Undeterred by the cold weather Durham residents came out in droves this past Tuesday for the city’s 8th annual Mardi Gras celebration.
Durham Mardi Gras 2018
by: Josh Factor
photos by: Crystal Kelly
Durham’s Mardi Gras festivities begin at Major the Bull’s Plaza adjacent to the 21C Museum Hotel. The excitement started with a ceremonial tutu and Mardi Gras beads for Major the Bull.
The inclusive and diverse crowd was in high spirits as the ceremony began. Newcomers to the Mardi Gras festivities were welcomed with open arms by seasoned veterans of the parade and celebratory gathering. Many people congregated by Major the Bull to take pictures and show off their Mardi Gras spirit for social media, so many unique costumes, outlandish outfits, fun masks, and glorious make-up.
After completing the ceremony at Major the Bull, marchers began the traditional parade down Rigsbee to the DIY District north and east of Durham Central Park. The procession was led by this year’s Mardi Gras queen and the Bulltown Strutters. The Bull Town Strutters have been at every year of Durham’s Mardi Gras celebration. A goofy and lovable bunch of colorful Durham eccentrics, they keep the crowd spirited with their lively jazz compositions.
There was no shortage of joy and smiles as the parade headed down Foster Street. People jubilantly danced along to the music. Exuberant Mardi Gras partygoers built their own floats and formed their own krewes to demonstrate their beneficent Mardi Gras community spirit. The celebrants marched through the streets of downtown with pride, greeting passersby and onlookers stopped to watch the parade with good cheer, handing out beads and light up foam sticks to anyone who wanted them.
Upon arriving at Rigsbee, outside of MotorCo, the Bulltown Strutters kept the music going as dance circles formed in the street amongst the ecstatic throngs.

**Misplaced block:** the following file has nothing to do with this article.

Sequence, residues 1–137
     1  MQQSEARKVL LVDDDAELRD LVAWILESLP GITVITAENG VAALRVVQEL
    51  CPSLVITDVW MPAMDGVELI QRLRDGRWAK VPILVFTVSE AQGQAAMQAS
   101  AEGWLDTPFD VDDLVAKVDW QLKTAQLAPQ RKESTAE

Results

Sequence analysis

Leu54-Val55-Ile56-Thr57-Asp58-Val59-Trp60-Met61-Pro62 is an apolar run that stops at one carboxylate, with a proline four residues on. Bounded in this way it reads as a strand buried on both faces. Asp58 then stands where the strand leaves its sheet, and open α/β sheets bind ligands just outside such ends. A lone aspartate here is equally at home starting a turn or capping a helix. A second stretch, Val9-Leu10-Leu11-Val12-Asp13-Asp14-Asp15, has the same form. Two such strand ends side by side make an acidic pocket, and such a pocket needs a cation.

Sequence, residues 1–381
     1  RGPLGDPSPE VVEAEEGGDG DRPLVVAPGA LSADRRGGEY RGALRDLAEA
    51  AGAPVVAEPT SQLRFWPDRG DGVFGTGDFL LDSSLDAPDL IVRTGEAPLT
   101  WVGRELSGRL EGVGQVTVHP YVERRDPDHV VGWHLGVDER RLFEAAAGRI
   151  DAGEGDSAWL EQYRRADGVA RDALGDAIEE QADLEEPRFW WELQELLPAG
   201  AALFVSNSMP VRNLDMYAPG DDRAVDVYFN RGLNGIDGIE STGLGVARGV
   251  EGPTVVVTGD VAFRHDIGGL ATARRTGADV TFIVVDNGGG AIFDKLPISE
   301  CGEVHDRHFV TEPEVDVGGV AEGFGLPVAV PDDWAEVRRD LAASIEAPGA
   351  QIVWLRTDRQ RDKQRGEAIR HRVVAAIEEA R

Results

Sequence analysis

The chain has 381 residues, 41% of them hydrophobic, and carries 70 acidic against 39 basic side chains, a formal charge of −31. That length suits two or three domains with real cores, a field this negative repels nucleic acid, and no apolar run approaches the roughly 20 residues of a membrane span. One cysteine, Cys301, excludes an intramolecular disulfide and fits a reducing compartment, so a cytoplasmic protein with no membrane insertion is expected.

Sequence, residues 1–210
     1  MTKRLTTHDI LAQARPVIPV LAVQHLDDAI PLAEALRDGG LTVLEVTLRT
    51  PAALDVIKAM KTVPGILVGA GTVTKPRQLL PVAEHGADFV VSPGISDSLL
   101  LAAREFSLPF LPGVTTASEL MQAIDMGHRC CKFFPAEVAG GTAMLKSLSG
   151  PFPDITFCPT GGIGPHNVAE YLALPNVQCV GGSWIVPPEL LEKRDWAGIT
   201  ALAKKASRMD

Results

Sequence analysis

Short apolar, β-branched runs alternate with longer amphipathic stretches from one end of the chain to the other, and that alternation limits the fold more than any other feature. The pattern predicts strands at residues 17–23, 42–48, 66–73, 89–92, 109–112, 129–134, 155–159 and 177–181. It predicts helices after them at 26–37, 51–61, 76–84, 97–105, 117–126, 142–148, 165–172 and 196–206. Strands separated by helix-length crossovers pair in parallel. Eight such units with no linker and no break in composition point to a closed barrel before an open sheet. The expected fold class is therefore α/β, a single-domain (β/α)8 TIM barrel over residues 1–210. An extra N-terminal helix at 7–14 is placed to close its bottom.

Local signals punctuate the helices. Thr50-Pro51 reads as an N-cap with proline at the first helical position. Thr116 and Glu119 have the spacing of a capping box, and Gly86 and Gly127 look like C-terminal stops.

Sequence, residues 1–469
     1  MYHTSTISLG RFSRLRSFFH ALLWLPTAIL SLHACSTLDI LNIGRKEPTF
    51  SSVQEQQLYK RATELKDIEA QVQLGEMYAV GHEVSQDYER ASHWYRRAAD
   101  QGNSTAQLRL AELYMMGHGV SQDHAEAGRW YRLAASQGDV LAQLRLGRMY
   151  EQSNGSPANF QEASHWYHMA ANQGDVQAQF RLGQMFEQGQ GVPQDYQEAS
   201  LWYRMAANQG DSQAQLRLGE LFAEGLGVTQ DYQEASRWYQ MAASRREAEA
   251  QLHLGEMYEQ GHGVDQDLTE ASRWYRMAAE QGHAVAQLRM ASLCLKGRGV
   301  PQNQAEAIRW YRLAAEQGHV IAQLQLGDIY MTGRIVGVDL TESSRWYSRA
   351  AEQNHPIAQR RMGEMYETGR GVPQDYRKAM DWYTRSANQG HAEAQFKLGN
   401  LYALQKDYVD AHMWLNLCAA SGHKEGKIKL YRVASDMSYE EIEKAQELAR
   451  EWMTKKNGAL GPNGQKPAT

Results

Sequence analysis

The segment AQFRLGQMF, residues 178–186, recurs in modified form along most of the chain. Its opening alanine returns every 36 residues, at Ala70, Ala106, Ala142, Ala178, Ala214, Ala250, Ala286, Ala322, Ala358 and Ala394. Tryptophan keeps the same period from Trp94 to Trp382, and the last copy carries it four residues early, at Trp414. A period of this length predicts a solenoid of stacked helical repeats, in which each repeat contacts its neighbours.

It was clear that the people came out to Durham Mardi Gras not just for the music and the fun, but also to show off their community pride. This evident community spirit and joy helped make the event special for everyone in attendance.
Eventually people began to head in to the various bars and venues to watch the live music and continue the celebration. There was live entertainment at MotorCo, The Blue Note Grill, The Pit, Fullsteam, and The Bar Durham, including a late night Drag Show. Numerous local bands made a raucous and joyful noise including the Boom Unit Brass Band, the Wiley Fosters, Coleslaw, The Tan and Sober Gentlemen, Ragweed Brass, The Cajammers, and Shamu Garcon.
The annual celebration we hold here in Durham is a great way to demonstrate civic pride and it provides a sense of camaraderie as well as the opportunity to represent the city in a positive manner.
Diversity, tolerance, and comradery were evident in abundance. It is that very Durham spirit that makes Mardi Gras such an enjoyable celebration for everyone.
Chrystal Kelly is a Durham based, concept driven, photographer. She specializes in creative portraiture and fine art photography. See more of her work at Shattering Light Photography.